Why merge Active Learning with the Flipped Classroom?
- transfers issue-spotting from page to screen
- appeals to visual & auditory learning styles
- sensory experience of fact-play
- adds variety to tradition law instructional media
- comports with problem method
- Create a slide presentation that is colorful and with visual examples.
- Have students perform skits or create their own problems/hypos.
Variations of this theme:
- single-issue simulations
- as part of performance exams
- transactional law hypos
- combined with traditional flipped instruction
The following resources may be helpful:
For more information on this topic, contact Professor Ho at firstname.lastname@example.org.
Video of the webinar:
December 12, 2014
Though law school classes are rarely cancelled, what can a professor do to “make up the class” if a class is cancelled.
Rescheduling is usually not an option due room schedules and student schedules.
Ignoring it is not an option because the course content needs to be covered.
One software that professors can use is Adobe Presenter. With this software, they can re-purpose their PowerPoint presentation for that class by adding narration. The presentation can then be uploaded as a PDF to the course’s LMS. Students with Adobe Reader can view and listen to the content.
Although professors may spend a lot time narrating their presentation, students may not spend the time to listen to it.
It would defeat the purpose to just review the content in class.
Instead, professors can create an online quiz where students are required to listen the PowerPoint presentation in order to answer the quiz questions correctly.
One of the professors at Albany Law School did just that. She narrated a PowerPoint presentation for her NY Practice class, posted it to TWEN and then asked students to take a 5 question quiz.
This professor can see by the graph above that most of the students answered the questions correctly. In other words, they listened to the presentation.
Anyone else have suggestions for making up cancelled classes?
October 13, 2014
Flipping the Classroom is a popular topic. In fact, in the most recent Horizon Report, the flipped classroom was named one of the most important emerging trends in educational technology for higher education …”because of how it rearranges face-to-face instruction for professors and students, creating a more efficient and enriching use of class time.”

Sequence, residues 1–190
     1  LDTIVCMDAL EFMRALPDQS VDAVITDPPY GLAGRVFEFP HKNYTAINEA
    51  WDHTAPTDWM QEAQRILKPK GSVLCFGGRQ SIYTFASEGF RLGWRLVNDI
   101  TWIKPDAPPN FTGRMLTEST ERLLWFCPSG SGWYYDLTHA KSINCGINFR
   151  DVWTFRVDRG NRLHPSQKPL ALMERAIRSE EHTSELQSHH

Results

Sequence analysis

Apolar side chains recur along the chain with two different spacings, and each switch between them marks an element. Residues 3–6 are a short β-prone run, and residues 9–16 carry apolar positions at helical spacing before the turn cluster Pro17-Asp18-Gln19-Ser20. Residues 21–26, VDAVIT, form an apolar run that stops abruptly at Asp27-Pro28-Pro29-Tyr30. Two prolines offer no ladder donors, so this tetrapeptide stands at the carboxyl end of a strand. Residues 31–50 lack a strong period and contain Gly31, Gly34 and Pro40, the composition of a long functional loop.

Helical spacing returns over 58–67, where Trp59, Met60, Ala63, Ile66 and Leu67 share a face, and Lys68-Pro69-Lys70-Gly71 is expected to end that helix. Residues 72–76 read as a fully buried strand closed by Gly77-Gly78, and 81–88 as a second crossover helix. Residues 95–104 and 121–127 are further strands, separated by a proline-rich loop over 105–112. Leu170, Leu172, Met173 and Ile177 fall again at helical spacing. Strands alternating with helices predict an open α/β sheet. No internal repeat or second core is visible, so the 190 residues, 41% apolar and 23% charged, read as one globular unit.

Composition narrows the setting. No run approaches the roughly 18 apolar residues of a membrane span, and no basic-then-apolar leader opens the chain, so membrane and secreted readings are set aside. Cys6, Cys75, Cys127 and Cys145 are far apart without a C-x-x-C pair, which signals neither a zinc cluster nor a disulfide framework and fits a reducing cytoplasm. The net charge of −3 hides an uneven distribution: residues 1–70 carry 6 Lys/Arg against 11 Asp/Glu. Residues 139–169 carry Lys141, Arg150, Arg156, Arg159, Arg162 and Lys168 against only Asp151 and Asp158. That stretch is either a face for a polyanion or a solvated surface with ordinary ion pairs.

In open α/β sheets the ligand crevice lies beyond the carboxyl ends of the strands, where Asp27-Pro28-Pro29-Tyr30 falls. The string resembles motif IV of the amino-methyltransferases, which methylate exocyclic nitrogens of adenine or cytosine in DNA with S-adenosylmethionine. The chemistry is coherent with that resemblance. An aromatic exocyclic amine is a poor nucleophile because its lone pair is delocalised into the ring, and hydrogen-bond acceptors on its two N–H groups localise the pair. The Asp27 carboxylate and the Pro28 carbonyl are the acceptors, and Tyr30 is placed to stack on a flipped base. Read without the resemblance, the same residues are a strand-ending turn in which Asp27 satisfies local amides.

The flipped class in law school has been the subject of several posts on this blog:
This semester, one of the professors at Albany Law School has decided to “flip” his Federal Civil Procedure class.
Each week he uses the software VideoScribe to create a video.
The video file is uploaded to TWEN for the students to watch outside of the classroom.
Students have to certify that they have watched the video in its entirety.
The professor also has the ability to check to see who has and who has not watched each video.
clicking + gives the names of the students who have watched
A detailed view can be seen monthly for each student showing how they watched the video (time, pausing, etc.):
During class time, the professor can spend time elaborating on what was covered in the video, answering questions about the content and engaging the students rather than using the traditional “Socratic method.”
I asked the professor about how things were going so far:
I think it’s much more productive (giving the students the material ahead of time) and I can use the time to do more examples, rather than lecture.
Then the important question…”Are the videos enhancing student learning?”
I’m going to do an analysis. I think they are helpful, but my analysis is going to try to determine whether there is any connection between watching the videos and how students fared on the mid-term. Stay tuned.
As the professor says…STAY TUNED.
Are there any law school professors experimenting with “flipping the classroom?” If so, how is it working out? Are students learning better?
Here are some recommended articles for those considering “flipping” the Law School classroom: